My In-house Editor

Sometimes when I am writing my blog or have my blog on the screen, my kids are interested in checking what I am writing or have written lately. 

My daughter likes to say: "Mom, this is not correct." She likes to correct mistakes I make. Usually they are minor mistakes that I think only native speakers would easily notice. 

Since English is not my native language, I don’t have a perfect natural feel for the language like the native speakers have. Native English speakers don’t necessarily have to learn grammar to use the language correctly. When they hear or read something, they can tell whether the words are used correctly or incorrectly based on how they sound like. 

Amy told me: "Mom, it’s not fried chickens. It’s fried chicken." She deleted the "s" from fried chickens in my post "KFC vs. McDonald’s in China."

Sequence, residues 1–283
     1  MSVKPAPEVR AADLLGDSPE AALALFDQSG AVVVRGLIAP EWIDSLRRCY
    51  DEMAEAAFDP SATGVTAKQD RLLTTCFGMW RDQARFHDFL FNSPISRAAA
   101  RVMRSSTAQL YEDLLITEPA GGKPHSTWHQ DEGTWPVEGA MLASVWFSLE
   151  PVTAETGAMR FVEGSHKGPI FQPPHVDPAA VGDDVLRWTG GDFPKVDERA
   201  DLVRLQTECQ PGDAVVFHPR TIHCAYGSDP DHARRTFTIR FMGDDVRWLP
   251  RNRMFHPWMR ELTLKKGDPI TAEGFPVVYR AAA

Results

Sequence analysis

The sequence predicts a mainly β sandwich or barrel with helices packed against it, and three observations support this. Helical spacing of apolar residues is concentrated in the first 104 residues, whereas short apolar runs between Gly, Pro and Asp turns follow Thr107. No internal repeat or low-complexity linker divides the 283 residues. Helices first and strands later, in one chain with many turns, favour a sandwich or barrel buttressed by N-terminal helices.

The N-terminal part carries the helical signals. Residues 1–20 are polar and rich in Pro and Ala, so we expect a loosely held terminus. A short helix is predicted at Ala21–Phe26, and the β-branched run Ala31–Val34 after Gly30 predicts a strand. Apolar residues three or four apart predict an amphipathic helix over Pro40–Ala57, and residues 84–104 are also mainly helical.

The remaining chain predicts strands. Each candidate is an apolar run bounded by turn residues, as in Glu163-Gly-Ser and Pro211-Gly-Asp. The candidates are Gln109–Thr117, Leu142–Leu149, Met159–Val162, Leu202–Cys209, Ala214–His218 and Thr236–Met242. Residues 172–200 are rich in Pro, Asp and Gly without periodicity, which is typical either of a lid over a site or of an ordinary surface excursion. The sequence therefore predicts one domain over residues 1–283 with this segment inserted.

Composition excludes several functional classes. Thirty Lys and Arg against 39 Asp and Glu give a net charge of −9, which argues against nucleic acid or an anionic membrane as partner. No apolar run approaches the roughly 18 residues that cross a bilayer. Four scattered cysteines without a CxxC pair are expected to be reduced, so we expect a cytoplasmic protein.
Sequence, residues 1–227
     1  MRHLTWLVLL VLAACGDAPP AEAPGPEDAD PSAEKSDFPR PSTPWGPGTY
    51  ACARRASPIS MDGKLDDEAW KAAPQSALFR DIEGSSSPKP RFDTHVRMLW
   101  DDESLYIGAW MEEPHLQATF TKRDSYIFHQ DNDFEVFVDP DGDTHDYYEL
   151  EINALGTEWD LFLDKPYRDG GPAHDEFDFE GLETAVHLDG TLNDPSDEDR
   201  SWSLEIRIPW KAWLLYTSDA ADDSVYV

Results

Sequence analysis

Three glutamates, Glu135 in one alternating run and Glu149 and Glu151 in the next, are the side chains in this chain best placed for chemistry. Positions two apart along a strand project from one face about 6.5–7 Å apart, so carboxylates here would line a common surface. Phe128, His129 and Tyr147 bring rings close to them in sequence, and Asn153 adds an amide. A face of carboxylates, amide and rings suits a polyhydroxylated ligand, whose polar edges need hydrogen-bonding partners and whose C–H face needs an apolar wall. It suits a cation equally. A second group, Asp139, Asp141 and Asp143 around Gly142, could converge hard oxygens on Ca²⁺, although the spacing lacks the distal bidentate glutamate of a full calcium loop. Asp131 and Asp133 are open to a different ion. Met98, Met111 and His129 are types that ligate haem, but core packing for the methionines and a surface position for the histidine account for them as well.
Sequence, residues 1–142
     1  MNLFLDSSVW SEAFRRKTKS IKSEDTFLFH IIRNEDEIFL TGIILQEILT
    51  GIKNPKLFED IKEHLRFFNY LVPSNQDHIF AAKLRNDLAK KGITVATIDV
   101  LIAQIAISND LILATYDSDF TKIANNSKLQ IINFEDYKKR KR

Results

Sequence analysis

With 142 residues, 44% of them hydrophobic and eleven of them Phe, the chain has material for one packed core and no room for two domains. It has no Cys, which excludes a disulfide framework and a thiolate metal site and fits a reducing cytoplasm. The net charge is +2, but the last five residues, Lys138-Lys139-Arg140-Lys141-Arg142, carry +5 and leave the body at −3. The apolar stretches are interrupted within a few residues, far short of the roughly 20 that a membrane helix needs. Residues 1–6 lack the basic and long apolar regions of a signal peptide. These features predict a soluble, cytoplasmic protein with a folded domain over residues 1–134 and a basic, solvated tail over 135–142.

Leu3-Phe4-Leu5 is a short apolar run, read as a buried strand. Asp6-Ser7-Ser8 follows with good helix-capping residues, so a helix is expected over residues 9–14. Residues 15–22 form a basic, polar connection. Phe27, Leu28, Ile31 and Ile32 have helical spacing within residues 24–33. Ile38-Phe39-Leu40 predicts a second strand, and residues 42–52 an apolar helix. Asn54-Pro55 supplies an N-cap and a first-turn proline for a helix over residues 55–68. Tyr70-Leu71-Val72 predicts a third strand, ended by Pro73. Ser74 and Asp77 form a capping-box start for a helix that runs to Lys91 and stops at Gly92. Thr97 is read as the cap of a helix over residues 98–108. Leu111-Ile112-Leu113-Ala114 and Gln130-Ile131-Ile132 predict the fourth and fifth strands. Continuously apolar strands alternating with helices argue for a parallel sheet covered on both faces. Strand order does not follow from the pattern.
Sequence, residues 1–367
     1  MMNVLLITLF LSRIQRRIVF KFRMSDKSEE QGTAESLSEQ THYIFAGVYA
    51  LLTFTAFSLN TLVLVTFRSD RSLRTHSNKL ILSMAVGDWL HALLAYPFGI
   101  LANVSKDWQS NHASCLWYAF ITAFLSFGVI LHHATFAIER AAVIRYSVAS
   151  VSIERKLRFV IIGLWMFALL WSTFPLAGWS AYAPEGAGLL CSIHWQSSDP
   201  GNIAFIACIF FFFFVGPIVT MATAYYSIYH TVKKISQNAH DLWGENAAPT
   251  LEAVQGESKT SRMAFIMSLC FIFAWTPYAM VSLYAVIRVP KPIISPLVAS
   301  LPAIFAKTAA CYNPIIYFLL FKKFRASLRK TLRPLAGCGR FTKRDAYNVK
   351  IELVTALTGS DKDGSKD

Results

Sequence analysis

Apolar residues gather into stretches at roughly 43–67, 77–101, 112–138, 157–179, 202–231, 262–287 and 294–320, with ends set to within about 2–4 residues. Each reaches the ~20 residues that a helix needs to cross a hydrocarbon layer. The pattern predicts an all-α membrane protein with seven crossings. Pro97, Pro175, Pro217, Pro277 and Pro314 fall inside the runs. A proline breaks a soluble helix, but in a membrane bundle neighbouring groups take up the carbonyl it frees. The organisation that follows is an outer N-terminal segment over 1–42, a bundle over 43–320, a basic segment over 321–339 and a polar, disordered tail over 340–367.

She added a "s" to "food scrap" I used in my post "Greening the workplace." 

Today Amy added a "s" to "getting on my nerve(s)" I had in my post "Parents, there is hope." 

I trust Amy’s judgment. Although she is only 10 years old, she is a native English speaker and a good reader, therefore has a better feel for the language. 

So I told her, "Go ahead and make changes if you find any mistakes I make." 

I like to have her read my writing and tell me what’s wrong. 

I hope someday Amy will be a writer and love to write like I do.

3 Responses

  1. Jeffrey

    One of my math teachers at Minnesota State University who is from Taiwan would always say the singular version of a word when meant the plural version.

    For example you would write out the word “choices” on the board but would say choice.

  2. roxane s.

    Qin, I have the utmost respect for you. The fact that you are a writer of English, and it’s your second language, is so amazing to me. I really respect that you’ve tackled this mysterious language that is the English language and think you have done very well with it. You are at a disadvantage but that has not detracted from your drive to write, keep a blog, and continue reading. And then you have your 10-year-old editor. How perfect! I have a 10-year-old daughter who enjoys words too. Perhaps someday they’ll meet. 🙂

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